Of greater interest, however, are the dyads—comparisons of American and Russian females who prefer a male boss, American and Russian females who prefer a female boss, American and Russian males who prefer a male boss, and so on. An overall examination of the breakdown of the data by gender and nationality shows that U.S. students—male and female—think much more similarly than do the young Russian men and women. In the U.S. case, 25% of both men and women prefer a male boss, while the respective scores for favoring a female boss are 10% and 18%, and for either/no difference 61% and 55%. In contrast, the Russian sample contains substantial gender gaps: 58% of the men prefer a male boss (47% without the MVD Law students) compared with 36% of the females. There also is a wide divergence with respect to either/no difference responses, with 54% of the women but only 33% (41% without the MVD Law students) of the men choosing that option. Though Russians often reject feminism as preaching conflict between the sexes and argue that Russians favor harmony, it is the American students whose attitudes reflect a more consensual or “harmonious” relationship between the sexes.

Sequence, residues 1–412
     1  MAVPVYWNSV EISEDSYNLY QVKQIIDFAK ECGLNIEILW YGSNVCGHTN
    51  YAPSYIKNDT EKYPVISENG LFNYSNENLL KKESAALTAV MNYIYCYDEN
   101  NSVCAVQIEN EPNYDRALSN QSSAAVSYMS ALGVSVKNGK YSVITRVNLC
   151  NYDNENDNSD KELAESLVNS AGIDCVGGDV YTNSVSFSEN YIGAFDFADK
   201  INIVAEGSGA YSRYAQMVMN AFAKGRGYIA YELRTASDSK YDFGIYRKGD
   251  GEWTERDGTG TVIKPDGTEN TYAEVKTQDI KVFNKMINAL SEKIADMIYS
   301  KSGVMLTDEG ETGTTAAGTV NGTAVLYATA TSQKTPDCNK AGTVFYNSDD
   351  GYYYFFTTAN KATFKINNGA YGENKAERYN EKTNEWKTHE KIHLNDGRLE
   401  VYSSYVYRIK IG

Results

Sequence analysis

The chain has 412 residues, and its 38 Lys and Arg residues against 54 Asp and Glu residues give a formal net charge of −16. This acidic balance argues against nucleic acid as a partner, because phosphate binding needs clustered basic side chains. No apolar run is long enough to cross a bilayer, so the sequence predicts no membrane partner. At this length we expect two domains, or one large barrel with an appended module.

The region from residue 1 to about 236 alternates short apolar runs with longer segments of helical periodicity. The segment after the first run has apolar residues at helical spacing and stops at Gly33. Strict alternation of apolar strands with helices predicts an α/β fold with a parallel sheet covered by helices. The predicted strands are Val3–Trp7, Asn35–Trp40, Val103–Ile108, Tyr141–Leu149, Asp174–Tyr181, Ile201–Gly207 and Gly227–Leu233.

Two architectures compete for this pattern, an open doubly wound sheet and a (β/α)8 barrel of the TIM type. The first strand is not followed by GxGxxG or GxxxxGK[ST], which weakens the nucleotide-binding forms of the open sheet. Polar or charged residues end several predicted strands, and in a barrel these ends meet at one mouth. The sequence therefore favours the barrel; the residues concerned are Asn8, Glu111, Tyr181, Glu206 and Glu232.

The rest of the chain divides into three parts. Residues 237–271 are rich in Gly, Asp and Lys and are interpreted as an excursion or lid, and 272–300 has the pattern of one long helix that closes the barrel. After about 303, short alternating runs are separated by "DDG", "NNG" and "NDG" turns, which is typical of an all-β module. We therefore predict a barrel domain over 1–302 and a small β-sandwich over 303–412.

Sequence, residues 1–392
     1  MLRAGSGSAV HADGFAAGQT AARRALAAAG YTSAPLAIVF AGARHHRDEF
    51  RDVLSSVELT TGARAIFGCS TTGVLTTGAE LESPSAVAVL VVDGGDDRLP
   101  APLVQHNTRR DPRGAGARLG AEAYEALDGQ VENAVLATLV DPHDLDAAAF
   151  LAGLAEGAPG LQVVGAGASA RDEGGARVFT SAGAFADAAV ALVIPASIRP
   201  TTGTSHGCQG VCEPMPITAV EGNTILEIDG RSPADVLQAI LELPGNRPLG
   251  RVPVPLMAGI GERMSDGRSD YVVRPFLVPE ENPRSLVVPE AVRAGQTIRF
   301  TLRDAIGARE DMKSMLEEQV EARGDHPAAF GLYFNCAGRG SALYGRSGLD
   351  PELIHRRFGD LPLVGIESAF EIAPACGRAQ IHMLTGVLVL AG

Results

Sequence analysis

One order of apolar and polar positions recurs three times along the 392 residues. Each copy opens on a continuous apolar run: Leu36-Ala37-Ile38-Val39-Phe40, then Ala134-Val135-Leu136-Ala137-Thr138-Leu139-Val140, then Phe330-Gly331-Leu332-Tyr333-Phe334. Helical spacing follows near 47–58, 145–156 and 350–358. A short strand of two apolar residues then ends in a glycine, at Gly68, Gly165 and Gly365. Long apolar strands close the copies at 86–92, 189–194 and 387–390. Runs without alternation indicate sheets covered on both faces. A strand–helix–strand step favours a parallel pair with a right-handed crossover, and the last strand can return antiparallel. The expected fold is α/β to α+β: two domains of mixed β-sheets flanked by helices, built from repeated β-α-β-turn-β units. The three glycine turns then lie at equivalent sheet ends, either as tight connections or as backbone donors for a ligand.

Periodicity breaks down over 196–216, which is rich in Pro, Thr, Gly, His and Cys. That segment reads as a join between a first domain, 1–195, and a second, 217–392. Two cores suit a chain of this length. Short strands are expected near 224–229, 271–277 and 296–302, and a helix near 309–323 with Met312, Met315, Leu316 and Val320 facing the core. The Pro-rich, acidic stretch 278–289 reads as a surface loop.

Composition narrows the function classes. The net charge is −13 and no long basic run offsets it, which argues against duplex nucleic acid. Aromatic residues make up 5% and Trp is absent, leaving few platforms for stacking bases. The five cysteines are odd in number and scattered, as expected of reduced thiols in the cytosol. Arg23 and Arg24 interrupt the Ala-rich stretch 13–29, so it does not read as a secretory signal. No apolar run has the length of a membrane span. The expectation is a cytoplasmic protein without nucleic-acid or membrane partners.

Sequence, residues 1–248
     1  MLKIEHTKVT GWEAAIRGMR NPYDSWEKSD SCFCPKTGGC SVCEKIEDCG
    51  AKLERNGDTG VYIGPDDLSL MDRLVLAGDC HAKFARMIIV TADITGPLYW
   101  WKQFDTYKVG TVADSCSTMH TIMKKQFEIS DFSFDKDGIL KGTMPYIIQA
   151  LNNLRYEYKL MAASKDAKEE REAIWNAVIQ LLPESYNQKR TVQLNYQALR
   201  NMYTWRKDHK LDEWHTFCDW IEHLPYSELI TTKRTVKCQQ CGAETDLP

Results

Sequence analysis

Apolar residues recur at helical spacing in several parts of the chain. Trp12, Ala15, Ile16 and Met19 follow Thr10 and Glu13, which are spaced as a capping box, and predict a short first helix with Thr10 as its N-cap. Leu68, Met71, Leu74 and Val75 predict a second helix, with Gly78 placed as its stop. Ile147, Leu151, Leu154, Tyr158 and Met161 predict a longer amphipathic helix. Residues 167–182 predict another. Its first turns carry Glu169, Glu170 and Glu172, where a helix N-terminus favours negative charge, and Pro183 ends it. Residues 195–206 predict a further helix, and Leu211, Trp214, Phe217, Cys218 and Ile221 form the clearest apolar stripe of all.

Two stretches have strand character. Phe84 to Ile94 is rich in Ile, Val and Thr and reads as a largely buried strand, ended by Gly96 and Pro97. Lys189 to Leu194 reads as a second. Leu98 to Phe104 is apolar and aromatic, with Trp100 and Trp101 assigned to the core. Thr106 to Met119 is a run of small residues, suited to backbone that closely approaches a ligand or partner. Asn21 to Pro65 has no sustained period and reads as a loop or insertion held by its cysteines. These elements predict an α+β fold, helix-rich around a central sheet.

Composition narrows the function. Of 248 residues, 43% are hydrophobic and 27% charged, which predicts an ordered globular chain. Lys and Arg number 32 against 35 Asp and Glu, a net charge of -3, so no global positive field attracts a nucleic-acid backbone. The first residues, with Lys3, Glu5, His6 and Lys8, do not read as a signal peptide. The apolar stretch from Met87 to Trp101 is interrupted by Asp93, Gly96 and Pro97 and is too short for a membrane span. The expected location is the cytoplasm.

A closer look at particular sets of dyads reveals striking cultural differences between the two sets of university students. Take the case of males preferring a male boss. Among Penn State males embracing this position, the most common explanation involved comfort—having more in common with another man, being able to pal around. The only other rationale that drew some support involved the idea that men have more energy, are more direct, efficient, and assertive. The Russian men offered as their prime reason the notion that men are strong, strict, tough, and can handle crisis or extreme situation. It should be noted that 18 of the 70 Volgograd women students opting for a male boss also mentioned men’s advantage in crisis situations. In the U.S. sample, references to a crisis or extreme situation are almost totally absent from student responses. It appears that the Penn State men seek a friendly boss while the Volgograd men want strong leaders who can handle difficult situations.